Adrenaline slamming him, Coop shot through the room toward the cries, the kitchen doorway appearing in the gloom.
"Don't let go of my hand, Joey," a woman's voice said urgently. "The back door is stuck or something. We have to go through the front door to get out."
"But more smoke is in there," a child whimpered.
Coop strode toward the shadowy figures taking shape, swept the kid into his arms and grasped the woman's smooth hand. "You have the baby?"
"Then let's go."
"I dropped Braveman!" the kid hollered, twisting to get free.
Coop gripped the boy tighter, peering through the haze for a small animal of some kind. "Who's Braveman?"
"Then he should be fine, right?" Smoke stinging his eyes, he made for the door. The baby's cries echoing eerily in the haze, they broke onto the porch. Cold, fresh air smelled mighty sweet. They thumped down the few steps.
The woman set the baby carrier on the ground and fumbled with the security strap, the baby's crying almost covered by the wind.
Coop wrangled himself out of his jacket and wrapped it around the shivering kid in his arms. "You okay?"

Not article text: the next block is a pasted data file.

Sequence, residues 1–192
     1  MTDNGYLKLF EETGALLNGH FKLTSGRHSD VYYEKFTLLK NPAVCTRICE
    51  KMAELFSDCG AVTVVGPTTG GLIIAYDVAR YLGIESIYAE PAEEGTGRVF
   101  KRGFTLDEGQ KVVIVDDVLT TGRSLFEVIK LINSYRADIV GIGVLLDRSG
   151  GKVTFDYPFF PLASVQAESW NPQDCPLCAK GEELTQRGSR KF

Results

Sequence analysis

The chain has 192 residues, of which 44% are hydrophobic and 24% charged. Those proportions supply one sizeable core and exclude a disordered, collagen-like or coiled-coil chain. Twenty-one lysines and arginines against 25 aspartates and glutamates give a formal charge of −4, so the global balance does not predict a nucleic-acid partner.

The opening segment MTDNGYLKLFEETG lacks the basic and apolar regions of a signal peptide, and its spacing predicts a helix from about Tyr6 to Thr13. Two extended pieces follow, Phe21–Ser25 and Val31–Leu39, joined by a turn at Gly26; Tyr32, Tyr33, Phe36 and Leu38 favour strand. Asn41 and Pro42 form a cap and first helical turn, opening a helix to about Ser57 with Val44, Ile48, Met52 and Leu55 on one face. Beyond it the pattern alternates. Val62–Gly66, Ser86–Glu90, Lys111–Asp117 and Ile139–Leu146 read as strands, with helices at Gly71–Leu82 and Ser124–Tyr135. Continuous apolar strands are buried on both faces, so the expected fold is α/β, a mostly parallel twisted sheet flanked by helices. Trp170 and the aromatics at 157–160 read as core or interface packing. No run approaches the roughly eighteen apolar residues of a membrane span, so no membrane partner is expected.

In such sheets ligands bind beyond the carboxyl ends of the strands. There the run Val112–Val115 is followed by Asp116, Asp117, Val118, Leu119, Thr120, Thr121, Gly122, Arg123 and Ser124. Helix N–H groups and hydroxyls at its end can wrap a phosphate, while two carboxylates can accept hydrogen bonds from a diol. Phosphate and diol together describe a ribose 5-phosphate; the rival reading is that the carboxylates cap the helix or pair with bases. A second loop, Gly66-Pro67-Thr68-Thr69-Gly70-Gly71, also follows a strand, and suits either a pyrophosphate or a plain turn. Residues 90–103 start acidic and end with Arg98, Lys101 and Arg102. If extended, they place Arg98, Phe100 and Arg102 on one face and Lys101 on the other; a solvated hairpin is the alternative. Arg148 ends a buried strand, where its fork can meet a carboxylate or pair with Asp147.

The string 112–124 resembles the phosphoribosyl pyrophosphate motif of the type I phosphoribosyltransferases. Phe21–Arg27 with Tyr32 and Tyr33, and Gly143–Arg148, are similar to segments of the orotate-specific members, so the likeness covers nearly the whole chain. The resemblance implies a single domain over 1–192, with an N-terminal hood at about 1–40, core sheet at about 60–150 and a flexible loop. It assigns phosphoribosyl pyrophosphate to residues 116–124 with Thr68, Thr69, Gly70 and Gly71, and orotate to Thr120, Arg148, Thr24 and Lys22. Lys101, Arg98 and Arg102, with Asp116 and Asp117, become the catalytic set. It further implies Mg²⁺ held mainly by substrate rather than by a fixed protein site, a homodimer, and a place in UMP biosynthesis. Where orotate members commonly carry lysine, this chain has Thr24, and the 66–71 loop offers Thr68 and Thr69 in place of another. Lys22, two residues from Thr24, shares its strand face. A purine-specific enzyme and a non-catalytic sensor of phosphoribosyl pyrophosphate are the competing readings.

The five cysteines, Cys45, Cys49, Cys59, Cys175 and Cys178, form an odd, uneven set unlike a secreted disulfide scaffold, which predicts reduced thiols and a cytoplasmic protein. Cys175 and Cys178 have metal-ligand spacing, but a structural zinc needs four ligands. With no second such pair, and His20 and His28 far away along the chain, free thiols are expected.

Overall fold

The boy coughed, tears rolling under his glasses and down his cheeks. "Braveman's in danger," he wailed.
Coop glanced up at the black smoke rising into the sky and decided Braveman was on his own for the time being. "Don't superheroes love danger?"
The little guy gave a serious nod.
"Well, he's probably doing great, then."
The woman tried to cuddle her infant inside her jacket. "I need to call the fire department," she said over the baby's crying.
"I already called them."
"Oh. Thank you so much."
Coop helped her grasp blanket ends whipping in the wind and tucked them tightly around the infant. The woman's face was shadowed by the night, but her exotic scent drew him in and commanded his attention. With those high heels, she could almost look him in the eye. He liked that.
"I'm sorry to be so much trouble." Swaying to comfort her baby, her deep sapphire eyes fired off enough damsel-in-distress signals to tweak every protective nerve he owned. Her teeth were even chattering.
"Glad to help." This wind had ice in it, and her lightweight jacket was clearly built for style rather than warmth. "My house isn't far away."
"Your house?" The woman sounded as if she hadn't considered what she'd do beyond getting out of the smoke.
"Come on." Hanging on to the squirming kid, Coop scooped up the empty baby carrier and strode across the yard Clyde kept mowed and trimmed. The woman caught up and jogged beside him, the baby still crying his heart out. He sure did have a great set of lungs.
"My brother is really, really scart."
"I'll bet he is." This kid was probably plenty scared himself. "But everybody's safe, so there's no reason to be scared."
"Braveman's not safe." Coughing, the kid turned himself into a squirming octopus trying to wrench himself out of Coop's arms again.
Coop hung on.
The woman looked over her shoulder. "Something is wrong with the chimney."
Posted May 27, 2014